Ethiopia FAQs

Is Ethiopia safe for travel?

Ethiopia is, in general, a very safe country for travelers, the only exceptions being some border regions.  We always keep up to date with safety and security issues in country and advise that you also check the latest Foreign Office travel advice or equivalent service from your home country, before departure.

When is the best time to visit Ethiopia?

You can visit Ethiopia at any time of the year, although most visitors come between October and March, when the climate is generally dry and warm.  There are wide variations in temperature, rainfall and seasons across the country though.  Road improvements mean the rainy seasons now have little impact on travel in the north of the country, and if you're not adverse to a bit of rain (generally in the afternoon) you will be rewarded with lush green landscapes and less busy attractions.  However, the rainy seasons can make trekking difficult in the Simien mountains between May and September, and in the Bale mountains between August and October.  Rain can also make some roads in the Lower Omo Valley impassable during April, May and October.  At the other extreme, the Danakil Depression is best avoided from May to September, when temperatures can reach a searing 45°C or higher.

Do I need a visa to travel to Ethiopia?

All visitors to Ethiopia (except Kenyan or Djiboutian nationals) require a visa. Citizens of many countries can now apply for an e-visa online, which is the quickest and easiest method.  Citizens of the same countries can also obtain a visa on arrival at Bole International Airport in Addis Ababa (but be prepared to queue).  A 30 day tourist visa costs US$50, or a 90 day one costs US$70.  You will also need a valid passport with at least 6 months remaining validity.  Please note that visa on arrival is not available to visitors entering by land borders.  For more details, see the Ethiopian Embassy website.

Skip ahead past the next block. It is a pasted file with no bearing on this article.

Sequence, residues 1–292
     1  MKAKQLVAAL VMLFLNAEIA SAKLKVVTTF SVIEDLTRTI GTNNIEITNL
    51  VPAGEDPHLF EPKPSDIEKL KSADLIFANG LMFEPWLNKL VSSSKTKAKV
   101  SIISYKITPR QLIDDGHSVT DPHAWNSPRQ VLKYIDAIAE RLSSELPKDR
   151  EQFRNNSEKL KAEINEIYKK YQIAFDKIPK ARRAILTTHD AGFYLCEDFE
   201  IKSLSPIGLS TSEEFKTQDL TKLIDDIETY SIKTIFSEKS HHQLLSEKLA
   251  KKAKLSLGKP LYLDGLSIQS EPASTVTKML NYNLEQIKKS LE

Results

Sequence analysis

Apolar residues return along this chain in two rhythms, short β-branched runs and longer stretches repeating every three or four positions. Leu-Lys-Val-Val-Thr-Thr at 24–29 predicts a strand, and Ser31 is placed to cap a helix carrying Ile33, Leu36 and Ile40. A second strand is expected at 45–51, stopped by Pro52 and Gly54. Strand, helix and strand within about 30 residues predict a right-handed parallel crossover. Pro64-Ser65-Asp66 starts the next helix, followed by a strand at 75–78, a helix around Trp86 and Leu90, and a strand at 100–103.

Do I need any special vaccinations to visit Ethiopia?

In general, we recommend that you have up-to-date vaccinations against Polio, Tetanus, Typhoid & Hepatitis A. Malaria prophylaxis may also be required if you intend to travel to lowland areas. Check for up-to-date information on the NHS travel website.

What is the currency in Ethiopia?

The unit of currency in Ethiopia is the birr.  This is generally not available outside Ethiopia, but cash can be exchanged in Addis Ababa and other cities.  It is advisable to bring US dollars, as the easiest currency to exchange, although Euros and Pounds Sterling are also widely accepted at banks and forex bureaux.  Alternatively, if you have an International Visa or Mastercard, you can withdraw local currency from cash machines, but be aware that these are rare outside of major towns.  Check up-to-date exchange rates.

What languages are spoken in Ethiopia?

There are thought to be between 70 and 90 languages spoken across Ethiopia, but the official language of Ethiopia is Amharic.  Amharic belongs to the Semitic family of languages, which includes Arabic and Hebrew, but is very different to either of these.  It is written in a script of its own which is only used in Ethiopia.  A lot of people in the cities speak some English, especially those working in shops and restaurants. In the countryside though, you're unlikely to find people who speak much English. We recommend that you take a pocket phrase book and learn some basics such as common greetings.

What is Ethiopia like for gay and lesbian travellers?

Unfortunately, homosexual acts are still considered criminal in Ethiopia and same-sex relationships are completely taboo from both a cultural and religious perspective.  Hotels are unlikely to permit same-sex couples to share a double room.  However, most travellers do not encounter any problems, provided they are discrete.  This is especially the case for female travellers.